Kenya’s Faith Kipyegon won the women’s Olympic 1,500 metres on Tuesday after unleashing a devastating second half of the race to leave Ethiopia’s world record holder Genzebe Dibaba trailing in her wake.
Kipyegon, fastest in the world this year, sat in the pack as the runners virtually jogged the opening stages before she and Dibaba took off and pulled clear after a 56.8-second lap around the halfway mark scattered the field.
Dibaba, who has struggled with injury this year, led with 200 to go but the 22-year-old Kipyegon forced her way past and drove for the line to win in four minutes 8.92 seconds and reverse the order from last year’s world championship final.
“It was an amazing race,” Kipyegon told reporters. “I needed to focus for the middle because I knew Genzebe is so fast and I really had to kick on the last lap.”
Dibaba held on for silver, with American former world champion Jenny Simpson taking bronze.
More frustration for Rowbury
Fellow American Shannon Rowbury finished fourth to suffer more frustration after being cheated out of a medal four years ago when finishing sixth.
The 2012 event in London has been dubbed the “Dirtiest Race in History” after six of the top nine, including the gold and silver medallists, committed doping offences before or after the event.
Winner Asli Cakir Alptekin is serving an eight-year ban for her second offence while fellow Turk Gamze Bulut, who had improved her personal best by an eyebrow-raising 18 seconds, is also suspended.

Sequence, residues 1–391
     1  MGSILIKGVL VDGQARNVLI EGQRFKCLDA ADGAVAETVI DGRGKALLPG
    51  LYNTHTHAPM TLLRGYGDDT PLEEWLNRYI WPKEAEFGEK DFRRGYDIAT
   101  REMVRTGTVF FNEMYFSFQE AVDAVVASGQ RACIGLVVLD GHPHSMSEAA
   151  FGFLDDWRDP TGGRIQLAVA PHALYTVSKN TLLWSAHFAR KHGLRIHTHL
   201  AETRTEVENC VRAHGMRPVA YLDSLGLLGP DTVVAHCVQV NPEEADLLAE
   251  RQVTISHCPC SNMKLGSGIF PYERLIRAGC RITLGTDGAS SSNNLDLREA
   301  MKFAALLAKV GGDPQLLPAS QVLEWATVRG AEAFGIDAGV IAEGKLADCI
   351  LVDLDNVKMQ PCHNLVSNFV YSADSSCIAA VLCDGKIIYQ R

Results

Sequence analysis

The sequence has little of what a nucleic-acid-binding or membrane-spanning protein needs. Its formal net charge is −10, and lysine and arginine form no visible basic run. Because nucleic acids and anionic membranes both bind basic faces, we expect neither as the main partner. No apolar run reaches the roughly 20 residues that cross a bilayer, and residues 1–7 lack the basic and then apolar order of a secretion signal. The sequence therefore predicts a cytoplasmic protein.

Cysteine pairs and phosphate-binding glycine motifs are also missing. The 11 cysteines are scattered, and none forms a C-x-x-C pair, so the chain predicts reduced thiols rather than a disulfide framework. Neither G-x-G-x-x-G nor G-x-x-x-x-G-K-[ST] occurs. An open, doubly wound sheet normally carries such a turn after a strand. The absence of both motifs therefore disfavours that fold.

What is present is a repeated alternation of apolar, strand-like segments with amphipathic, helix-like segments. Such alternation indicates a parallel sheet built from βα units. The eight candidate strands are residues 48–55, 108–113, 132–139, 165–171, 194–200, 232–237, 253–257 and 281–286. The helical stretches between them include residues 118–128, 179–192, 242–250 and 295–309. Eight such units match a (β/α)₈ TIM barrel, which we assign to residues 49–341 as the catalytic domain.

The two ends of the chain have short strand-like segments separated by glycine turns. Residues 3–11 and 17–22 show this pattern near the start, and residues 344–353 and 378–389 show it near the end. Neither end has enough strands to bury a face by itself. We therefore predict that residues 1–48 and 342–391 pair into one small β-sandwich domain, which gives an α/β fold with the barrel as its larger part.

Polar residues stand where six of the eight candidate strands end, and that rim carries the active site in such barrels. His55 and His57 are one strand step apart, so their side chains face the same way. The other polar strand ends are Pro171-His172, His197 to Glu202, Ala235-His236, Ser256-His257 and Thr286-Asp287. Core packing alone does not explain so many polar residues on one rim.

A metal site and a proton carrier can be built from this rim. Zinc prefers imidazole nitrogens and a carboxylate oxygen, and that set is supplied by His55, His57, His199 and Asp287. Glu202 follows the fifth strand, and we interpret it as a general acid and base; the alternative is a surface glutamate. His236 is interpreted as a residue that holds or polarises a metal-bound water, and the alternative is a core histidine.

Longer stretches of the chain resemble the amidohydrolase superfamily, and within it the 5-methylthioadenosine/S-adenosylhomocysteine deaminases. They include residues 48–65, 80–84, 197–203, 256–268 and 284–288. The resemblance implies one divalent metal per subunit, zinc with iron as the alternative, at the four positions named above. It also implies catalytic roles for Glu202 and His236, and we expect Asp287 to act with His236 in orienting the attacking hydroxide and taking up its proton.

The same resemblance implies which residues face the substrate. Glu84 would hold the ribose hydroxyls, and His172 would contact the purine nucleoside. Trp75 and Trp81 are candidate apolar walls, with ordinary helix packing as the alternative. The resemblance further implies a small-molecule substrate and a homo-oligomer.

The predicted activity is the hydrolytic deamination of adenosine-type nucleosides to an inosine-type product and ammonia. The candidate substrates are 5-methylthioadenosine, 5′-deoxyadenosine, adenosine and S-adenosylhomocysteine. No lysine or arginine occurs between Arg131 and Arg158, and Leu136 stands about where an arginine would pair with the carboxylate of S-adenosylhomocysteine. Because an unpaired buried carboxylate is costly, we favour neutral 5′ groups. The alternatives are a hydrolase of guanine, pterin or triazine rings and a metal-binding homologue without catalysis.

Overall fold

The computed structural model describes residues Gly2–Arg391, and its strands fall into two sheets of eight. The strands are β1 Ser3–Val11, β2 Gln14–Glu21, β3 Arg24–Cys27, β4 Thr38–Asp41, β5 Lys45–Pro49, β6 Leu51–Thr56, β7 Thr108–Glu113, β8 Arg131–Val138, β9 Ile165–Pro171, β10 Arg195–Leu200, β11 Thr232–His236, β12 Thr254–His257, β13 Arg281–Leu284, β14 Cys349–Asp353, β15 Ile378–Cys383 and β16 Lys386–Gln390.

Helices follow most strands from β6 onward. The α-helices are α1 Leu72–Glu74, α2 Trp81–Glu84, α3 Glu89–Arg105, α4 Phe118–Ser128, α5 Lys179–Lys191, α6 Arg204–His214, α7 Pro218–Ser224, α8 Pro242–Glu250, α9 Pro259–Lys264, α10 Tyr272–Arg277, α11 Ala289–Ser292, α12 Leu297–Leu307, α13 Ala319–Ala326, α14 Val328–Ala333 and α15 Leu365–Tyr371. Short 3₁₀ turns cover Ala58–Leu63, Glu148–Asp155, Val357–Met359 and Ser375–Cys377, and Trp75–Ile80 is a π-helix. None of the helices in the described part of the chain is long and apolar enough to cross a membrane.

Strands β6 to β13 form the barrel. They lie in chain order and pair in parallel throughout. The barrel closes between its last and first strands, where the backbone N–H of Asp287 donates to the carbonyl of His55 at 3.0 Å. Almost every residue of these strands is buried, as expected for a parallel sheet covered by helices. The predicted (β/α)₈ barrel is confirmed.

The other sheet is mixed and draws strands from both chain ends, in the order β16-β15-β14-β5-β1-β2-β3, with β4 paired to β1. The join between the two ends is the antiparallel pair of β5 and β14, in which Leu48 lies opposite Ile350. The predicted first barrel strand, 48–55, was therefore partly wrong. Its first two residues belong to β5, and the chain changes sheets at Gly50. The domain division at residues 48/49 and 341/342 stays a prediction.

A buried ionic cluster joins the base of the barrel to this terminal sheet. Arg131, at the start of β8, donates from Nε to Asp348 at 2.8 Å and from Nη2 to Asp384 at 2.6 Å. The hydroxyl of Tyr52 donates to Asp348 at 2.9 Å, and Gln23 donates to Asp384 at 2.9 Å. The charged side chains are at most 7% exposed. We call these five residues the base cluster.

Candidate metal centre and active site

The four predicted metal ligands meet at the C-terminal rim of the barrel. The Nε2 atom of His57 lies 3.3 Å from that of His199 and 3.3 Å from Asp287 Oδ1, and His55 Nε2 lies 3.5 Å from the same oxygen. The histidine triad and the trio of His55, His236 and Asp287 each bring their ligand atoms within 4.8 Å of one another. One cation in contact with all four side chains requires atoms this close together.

There was also a cloud hovering over this year’s race following the arrest in June of Jama Aden, Dibaba’s coach, after an anti-doping raid, though the Ethiopian has never failed a test.
After her stellar 2015 Dibaba struggled with injuries this season but seemed to be running into form as she qualified fastest for a showdown that contained eight of the women who contested the world championship final in Beijing last year.
It did not seem like that as they jogged through the first lap in 76 seconds and went through 800m in a pedestrian 2:27.21.
Dibaba then pressed the accelerator, however, and only Kipyegon and Briton Laura Muir could respond.
The Ethiopian led at the bell but her diminutive rival sat perfectly poised on her shoulder before driving clear in a 58.79-second last lap.
Muir faded, allowing the American duo to battle it out for bronze.